Polycarp (c. 69 – c. 156),1 Bishop of Smyrna, was one of the foremost leaders of the Church in the second century. He studied under the Apostle John and, with Ignatius of Antioch, was one of the vital links between the apostolic and patristic periods. A strong defender of orthodoxy, he opposed such heretical groups as the Marcionites and the Valentinians. When Ignatius was being taken to Rome to be put to death, he wrote of Polycarp being clothed “with the garment of grace.” Polycarp was himself arrested by Roman officials in Smyrna soon after returning from a trip to Rome to discuss the date for Easter and was martyred.
His defense against the Roman proconsul contained a clear and courageous witness to the gospel of the Lord Jesus Christ. Instead of fearing “those who kill the body but cannot kill the soul,” Polycarp feared God “who can destroy both soul and body in hell” (Matt. 10:28 ESV). Polycarp’s gospel courage sprang from his gospel clarity.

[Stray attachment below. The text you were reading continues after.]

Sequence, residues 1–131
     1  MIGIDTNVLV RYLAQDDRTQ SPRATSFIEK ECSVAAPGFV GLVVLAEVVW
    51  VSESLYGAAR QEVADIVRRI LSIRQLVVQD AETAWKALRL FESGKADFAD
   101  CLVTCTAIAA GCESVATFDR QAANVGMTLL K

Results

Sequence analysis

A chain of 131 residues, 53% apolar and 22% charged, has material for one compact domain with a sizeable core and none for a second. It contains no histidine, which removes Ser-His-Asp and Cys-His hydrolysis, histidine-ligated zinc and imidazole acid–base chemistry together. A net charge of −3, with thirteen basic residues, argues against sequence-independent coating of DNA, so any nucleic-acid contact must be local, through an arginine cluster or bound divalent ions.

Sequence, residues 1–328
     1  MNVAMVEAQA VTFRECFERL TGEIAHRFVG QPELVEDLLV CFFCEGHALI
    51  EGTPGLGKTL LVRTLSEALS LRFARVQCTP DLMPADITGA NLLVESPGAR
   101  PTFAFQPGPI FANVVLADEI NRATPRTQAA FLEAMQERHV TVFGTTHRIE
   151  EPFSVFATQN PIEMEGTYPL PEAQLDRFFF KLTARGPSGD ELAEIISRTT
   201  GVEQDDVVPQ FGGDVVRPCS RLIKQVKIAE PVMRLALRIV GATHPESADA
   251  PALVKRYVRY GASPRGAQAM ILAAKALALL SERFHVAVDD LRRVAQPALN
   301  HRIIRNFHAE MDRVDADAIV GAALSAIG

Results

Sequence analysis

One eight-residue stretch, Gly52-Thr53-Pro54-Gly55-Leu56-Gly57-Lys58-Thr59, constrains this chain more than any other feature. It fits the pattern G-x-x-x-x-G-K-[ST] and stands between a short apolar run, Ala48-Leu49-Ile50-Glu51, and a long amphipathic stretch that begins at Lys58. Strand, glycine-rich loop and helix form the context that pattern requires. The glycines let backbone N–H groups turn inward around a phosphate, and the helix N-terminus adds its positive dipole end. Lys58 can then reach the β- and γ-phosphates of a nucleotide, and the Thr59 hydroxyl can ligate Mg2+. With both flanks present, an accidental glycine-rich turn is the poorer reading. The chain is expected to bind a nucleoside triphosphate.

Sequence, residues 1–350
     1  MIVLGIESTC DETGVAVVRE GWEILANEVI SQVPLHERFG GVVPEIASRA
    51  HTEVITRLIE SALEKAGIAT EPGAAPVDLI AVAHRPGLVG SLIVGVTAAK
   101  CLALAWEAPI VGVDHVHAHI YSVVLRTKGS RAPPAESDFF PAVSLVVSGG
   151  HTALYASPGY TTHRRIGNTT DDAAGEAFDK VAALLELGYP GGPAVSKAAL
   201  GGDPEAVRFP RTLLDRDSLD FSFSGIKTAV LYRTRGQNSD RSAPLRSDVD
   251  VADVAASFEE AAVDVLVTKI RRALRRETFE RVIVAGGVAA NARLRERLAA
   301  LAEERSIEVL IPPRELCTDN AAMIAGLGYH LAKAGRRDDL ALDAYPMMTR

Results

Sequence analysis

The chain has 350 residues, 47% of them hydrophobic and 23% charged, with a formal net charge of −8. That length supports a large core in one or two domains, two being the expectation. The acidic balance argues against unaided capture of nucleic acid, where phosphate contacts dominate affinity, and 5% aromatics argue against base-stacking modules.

Eighty and six years have I served him, and he hath done me no wrong; how then can I blaspheme my King who saved me?2
Thou threatenest the fire that burns for an hour and in a little while is quenched; for thou knowest not of the fire of the judgement to come, and the fire of the eternal punishment, reserved for the ungodly. But why delayest thou? Bring what thou wilt.3
1 There is some dispute about the date of his death; Eusebius of Caesarea places the year at 167 or 168, meaning it would have fallen in the reign of Marcus Aurelius.
2 “The Martyrdom of Polycarp,” c.IX, cited in H. Bettenson, Documents of the Christian Church, 2nd ed., (Oxford: Oxford University Press, 1963), 14.
3 Ibid, c.XI, 15.